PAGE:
Whatever warnings may be issued, it is difficult to think of Cumbria as a potential target for terrorists.

In many ways this is a good thing.

The county has escaped the atrocities which have blighted so many other places in this country and around the world.

Big cities are usually targeted, which is one reason to assume Cumbria remains immune.

This is, of course, a dangerous attitude.

A place where no one expects to be attacked makes an easy target.

Peter McCall, the county's crime commissioner, is right to warn against complacency.

A hole in the county's policing budget is partly due to the armed patrols launched here this summer in the wake of the terror attacks in Manchester and London.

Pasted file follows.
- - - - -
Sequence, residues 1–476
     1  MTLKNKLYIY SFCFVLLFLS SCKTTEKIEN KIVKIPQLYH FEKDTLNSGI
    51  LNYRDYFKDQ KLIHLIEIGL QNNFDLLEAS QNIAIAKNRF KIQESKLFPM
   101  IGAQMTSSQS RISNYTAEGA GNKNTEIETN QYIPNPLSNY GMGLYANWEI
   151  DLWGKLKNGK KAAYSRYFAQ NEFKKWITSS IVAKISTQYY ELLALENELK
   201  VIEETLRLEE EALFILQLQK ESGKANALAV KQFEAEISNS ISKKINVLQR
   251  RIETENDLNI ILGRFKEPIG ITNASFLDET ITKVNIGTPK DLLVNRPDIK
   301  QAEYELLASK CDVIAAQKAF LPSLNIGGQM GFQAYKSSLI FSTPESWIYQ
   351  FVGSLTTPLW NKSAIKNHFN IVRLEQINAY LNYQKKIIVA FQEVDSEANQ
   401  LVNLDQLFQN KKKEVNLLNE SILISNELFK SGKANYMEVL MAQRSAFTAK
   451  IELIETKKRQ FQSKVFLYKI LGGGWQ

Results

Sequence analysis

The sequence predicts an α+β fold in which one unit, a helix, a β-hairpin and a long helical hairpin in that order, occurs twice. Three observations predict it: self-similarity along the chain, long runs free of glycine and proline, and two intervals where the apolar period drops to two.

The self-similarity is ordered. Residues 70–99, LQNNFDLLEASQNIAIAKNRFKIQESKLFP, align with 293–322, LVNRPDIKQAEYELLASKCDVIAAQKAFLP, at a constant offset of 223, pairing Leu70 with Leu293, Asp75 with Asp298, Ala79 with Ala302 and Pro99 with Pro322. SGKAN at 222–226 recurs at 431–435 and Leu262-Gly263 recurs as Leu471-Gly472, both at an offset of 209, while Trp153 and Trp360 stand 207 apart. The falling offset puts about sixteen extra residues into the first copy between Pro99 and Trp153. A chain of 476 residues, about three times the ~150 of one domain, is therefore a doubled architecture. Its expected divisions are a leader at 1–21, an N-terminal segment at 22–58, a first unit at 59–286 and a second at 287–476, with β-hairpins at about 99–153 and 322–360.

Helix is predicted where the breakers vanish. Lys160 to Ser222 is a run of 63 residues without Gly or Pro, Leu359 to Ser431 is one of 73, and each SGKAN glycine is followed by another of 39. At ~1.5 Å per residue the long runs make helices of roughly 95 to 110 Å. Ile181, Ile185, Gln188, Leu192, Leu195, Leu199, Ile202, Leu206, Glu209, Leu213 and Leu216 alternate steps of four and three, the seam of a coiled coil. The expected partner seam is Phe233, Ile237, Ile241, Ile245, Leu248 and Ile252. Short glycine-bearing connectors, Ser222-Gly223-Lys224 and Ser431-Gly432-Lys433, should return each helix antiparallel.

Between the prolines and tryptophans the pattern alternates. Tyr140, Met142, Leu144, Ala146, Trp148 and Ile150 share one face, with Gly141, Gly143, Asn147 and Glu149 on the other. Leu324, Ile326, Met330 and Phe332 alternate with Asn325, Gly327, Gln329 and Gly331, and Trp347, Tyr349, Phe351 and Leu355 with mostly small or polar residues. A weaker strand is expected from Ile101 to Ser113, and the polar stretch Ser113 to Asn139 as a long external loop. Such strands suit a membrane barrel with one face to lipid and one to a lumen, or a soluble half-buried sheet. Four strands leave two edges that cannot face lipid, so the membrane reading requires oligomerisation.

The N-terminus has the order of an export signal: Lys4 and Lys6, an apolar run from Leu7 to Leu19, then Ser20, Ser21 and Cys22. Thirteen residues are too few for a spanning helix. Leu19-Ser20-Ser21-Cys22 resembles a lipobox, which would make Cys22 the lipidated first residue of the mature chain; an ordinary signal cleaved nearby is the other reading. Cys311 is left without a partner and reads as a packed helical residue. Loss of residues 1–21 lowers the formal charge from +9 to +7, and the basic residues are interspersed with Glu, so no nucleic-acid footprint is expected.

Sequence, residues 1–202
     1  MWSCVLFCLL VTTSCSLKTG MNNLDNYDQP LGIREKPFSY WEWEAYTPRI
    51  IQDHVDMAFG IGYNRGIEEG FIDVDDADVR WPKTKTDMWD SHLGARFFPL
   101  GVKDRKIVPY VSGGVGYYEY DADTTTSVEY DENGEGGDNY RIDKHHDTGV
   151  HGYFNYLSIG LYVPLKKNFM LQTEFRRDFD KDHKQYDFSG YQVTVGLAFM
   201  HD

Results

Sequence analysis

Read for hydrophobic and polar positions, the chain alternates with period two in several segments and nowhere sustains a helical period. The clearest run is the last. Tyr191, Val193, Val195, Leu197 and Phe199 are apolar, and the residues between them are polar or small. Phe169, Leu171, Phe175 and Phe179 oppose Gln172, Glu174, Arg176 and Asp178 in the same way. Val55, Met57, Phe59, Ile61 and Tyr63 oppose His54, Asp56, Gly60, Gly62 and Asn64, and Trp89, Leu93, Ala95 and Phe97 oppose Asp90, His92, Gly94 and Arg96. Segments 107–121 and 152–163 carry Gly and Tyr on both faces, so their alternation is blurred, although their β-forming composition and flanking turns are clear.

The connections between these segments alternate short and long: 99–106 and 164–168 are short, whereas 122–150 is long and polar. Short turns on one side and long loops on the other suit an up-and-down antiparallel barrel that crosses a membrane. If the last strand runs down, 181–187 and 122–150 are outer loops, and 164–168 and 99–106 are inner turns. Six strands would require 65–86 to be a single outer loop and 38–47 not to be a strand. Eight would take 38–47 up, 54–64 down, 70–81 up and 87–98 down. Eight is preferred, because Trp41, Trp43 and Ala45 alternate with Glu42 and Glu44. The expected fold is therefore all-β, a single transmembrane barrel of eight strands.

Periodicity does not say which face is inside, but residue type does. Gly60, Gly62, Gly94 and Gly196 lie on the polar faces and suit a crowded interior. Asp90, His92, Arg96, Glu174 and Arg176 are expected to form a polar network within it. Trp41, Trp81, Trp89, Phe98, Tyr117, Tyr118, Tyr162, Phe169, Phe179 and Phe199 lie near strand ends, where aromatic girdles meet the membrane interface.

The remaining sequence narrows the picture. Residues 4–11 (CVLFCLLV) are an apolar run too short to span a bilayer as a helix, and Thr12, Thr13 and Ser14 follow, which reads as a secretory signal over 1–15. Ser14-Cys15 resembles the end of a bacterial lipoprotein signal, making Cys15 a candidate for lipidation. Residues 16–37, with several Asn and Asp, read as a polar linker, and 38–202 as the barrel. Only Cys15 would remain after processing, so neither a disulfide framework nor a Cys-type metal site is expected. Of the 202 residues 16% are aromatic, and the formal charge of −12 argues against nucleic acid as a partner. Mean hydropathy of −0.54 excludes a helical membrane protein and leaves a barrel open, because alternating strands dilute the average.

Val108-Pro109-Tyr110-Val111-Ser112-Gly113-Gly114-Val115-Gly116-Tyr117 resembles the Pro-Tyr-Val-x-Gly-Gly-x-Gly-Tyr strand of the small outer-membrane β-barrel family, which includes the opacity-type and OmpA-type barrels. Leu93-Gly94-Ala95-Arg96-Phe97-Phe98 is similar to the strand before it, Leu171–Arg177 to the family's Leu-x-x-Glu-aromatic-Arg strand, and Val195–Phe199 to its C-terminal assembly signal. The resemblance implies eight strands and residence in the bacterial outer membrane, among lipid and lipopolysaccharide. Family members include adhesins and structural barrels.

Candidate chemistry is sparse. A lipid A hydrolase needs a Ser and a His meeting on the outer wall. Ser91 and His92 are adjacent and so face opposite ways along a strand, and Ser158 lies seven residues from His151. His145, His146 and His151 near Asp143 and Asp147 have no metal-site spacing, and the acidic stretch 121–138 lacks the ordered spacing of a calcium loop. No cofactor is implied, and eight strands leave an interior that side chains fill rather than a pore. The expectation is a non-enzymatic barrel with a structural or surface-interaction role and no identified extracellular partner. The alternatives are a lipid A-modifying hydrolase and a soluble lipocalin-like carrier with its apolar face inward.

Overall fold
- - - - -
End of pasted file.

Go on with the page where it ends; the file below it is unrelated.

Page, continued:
Mr McCall understandably wishes to protect the force's officer numbers.

Armed patrols aim to increase security and boost the public's confidence.

Funding those patrols by cutting the number of officers on our streets would not make a great deal of sense.

Cumbria's Chief Constable Jerry Graham has previously warned that the terror threat is likely to continue indefinitely.

The county's isolated, rural nature has already attracted radical Islamic would-be terrorists to training camps in the Lake District.

Terror could strike anywhere at any time - a terrible truth which terrorists rely on to instil fear.

The line between being cautious and not being constrained by fear is a difficult one to walk.

But that should be the aim in a society facing unpredictable enemies.

As Peter McCall says, "You should always expect the unexpected."